Self Awareness

If you understand what motivates you, it’s easier to choose jobs that will make you feel fulfilled. When we enjoy (or are good at) something, we are more likely to do it well, which may result in greater career success. To find out what drives you, ask yourself lots of questions and be as honest as you can in your responses. We all have our own perception of the kind of people we are - or would like to be. Our personalities can affect our choices and decisions in all areas of life, including our career. 

Your motivations and values have a strong impact on whether you might find a particular job or career fulfilling. Some employers even look for particular values in potential employees, so it’s helpful to become more aware of what drives you and gets you out of bed in the morning. 

Take some time to think about the following questions:

  • What are my interests? 
    Reflecting on your interests can help you to learn more about yourself, including the careers that suit you best.  
  • What’s my personality? 
    Knowing more about what kind of person you are can help you to decide what you want to do next.
  • What skills do I have? 
    The key to a successful application is your ability to reflect on what you have to offer, and explain how that matches the job requirements.
  • What are my values?
    Understanding what your personal values are and identifying those which are most important to you can help you achieve a satisfying balance in your life – inside and outside work.

Questions you could ask yourself

  • What do I like about my degree subject? (writing, learning, researching , being creative, team projects) 
  • What do I not enjoy? (lab work, pressure of deadlines, working alone)
  • What do I enjoy about my part-time job? (customer contact, solving problems) 
  • Is there a career or a particular person's job that I have always admired? (a friend, a family member or a role model in society) 
  • What are my preferred leisure activities? What does that say about what I enjoy doing? (helping others, co-ordinating people, team vs. individual games)

What am I good at? 

All jobs require a broad range of skills such as problem solving, communication, team-working and customer orientation. Specialist skills may be important in some roles. Understanding where your strengths lie could help you choose a job or career you would be particularly good at.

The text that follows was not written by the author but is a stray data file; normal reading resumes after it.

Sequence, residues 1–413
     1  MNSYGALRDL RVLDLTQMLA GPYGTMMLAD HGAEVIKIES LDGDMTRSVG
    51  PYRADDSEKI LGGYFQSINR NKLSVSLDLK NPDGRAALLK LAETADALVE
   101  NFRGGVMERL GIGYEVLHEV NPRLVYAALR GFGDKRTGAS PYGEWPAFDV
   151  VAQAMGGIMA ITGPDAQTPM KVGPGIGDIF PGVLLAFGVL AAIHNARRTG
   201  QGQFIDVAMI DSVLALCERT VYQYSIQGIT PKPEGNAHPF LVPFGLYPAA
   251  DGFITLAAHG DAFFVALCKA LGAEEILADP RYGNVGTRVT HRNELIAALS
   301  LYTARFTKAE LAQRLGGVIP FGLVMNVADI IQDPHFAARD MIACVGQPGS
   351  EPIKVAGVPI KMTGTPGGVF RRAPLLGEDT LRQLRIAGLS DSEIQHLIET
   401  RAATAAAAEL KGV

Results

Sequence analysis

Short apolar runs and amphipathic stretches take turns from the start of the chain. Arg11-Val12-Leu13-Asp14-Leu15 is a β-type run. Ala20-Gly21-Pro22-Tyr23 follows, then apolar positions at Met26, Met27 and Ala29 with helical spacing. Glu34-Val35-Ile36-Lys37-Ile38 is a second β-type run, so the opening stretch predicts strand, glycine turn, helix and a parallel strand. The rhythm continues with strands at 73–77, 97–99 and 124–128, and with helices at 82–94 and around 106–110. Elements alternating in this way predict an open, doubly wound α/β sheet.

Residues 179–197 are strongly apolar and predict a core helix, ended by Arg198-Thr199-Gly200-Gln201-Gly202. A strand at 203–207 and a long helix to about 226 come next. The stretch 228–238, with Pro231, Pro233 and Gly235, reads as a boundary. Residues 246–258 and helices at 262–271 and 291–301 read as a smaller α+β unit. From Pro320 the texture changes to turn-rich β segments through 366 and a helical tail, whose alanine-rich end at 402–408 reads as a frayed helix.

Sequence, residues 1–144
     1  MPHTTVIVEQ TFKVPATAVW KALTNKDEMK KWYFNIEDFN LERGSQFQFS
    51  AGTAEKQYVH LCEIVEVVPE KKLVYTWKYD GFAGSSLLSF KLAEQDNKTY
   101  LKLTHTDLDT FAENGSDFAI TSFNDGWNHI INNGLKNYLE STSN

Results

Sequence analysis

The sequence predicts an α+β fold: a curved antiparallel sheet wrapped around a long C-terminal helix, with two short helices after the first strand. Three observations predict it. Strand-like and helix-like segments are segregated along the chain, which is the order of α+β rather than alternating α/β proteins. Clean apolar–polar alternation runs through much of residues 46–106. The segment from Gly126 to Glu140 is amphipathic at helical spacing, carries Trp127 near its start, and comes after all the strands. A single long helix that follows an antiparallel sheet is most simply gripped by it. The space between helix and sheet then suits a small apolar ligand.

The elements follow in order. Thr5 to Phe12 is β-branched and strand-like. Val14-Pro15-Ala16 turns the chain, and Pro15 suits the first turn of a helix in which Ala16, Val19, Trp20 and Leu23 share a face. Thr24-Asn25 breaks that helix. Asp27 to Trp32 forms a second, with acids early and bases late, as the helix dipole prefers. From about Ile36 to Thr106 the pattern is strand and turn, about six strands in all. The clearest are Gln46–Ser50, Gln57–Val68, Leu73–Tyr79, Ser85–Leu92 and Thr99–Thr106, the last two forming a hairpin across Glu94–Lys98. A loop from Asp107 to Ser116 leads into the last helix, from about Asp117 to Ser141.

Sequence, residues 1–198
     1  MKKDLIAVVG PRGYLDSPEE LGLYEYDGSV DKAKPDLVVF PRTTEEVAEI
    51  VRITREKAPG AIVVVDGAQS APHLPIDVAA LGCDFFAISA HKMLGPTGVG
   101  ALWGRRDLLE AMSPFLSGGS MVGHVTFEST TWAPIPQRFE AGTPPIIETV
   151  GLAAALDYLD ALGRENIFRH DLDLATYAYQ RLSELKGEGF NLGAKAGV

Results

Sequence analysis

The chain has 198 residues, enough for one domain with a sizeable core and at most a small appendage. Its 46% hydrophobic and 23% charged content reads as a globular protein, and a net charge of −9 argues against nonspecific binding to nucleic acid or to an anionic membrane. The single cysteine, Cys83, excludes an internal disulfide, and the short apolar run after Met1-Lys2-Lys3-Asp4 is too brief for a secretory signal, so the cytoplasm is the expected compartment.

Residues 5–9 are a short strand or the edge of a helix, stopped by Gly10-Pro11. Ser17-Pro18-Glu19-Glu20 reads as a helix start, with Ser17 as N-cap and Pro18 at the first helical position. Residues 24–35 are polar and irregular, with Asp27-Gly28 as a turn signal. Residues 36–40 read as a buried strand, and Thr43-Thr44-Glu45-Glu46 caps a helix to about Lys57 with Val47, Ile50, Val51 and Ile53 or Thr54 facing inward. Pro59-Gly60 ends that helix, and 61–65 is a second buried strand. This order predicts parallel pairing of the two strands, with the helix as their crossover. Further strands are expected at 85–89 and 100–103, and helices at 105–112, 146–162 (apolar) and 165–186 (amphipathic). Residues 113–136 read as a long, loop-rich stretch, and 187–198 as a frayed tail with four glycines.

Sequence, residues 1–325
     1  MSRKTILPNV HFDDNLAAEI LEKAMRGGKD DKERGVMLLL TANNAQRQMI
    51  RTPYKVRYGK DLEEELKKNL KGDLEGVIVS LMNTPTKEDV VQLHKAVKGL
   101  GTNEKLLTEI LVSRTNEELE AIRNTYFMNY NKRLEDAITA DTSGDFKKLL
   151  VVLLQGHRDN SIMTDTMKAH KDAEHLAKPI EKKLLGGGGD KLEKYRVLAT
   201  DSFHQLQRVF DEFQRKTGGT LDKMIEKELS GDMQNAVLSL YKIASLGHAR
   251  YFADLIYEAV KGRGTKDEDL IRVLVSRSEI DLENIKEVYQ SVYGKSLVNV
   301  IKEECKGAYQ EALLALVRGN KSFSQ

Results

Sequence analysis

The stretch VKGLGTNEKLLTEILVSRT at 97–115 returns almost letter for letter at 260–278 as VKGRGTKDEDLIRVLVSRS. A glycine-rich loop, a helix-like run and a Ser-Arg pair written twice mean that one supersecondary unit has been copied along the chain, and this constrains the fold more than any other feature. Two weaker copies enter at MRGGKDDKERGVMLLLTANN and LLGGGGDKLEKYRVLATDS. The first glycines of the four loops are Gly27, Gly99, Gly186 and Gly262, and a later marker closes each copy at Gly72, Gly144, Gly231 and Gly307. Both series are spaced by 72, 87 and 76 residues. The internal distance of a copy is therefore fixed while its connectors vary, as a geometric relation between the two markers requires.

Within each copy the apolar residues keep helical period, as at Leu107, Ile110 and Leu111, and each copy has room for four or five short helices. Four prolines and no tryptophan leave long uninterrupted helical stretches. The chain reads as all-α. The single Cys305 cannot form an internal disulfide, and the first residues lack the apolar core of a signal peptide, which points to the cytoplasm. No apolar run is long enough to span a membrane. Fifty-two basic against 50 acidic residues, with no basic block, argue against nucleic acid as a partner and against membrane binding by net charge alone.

Consider: 

  • What skills helped me attain my greatest achievements? (persistence, organisation, creativity) 
  • What makes me competent in my part-time job? (being organised, motivating others, team work, IT skills, working under pressure) 
  • What makes/made me successful in my studies? (researching skills, working under pressure, writing, visualising problems, co-ordinating team projects) 
  • What am I less confident/skilled in doing? (last minute working, shy about leading a group) 

Be as honest as you can - try to list those you really are good at rather than those you feel you should be good at. When you are happy with your list, look to see if there are any patterns or trends in your responses. Ask your friends and family what they think you do really well. Consider all the things you can do now that you couldn’t do many years ago - things you take for granted such as IT skills or language skills.  If they are honest and tactful, they may also be able to suggest areas that you need to improve. 

You could add ideas about: 

  • Work environment - outdoors, office, lab , community 
  • Variety - diverse tasks, people contact, places to work, experiencing change 
  • Skills used - communicating, planning, creativity, team working 
  • Location - working conditions, hours, pay 
  • Purpose - helping others, inventing new products or services, organising people, creating wealth 
  • Environment - considering, promoting, changing conservation issues 

When you have done this can you see any patterns or trends?  Do any career ideas spring from this?  

Next Step: Opportunity Awareness - exploring the job market.

Last modified: 
Tuesday, June 23, 2015 - 15:42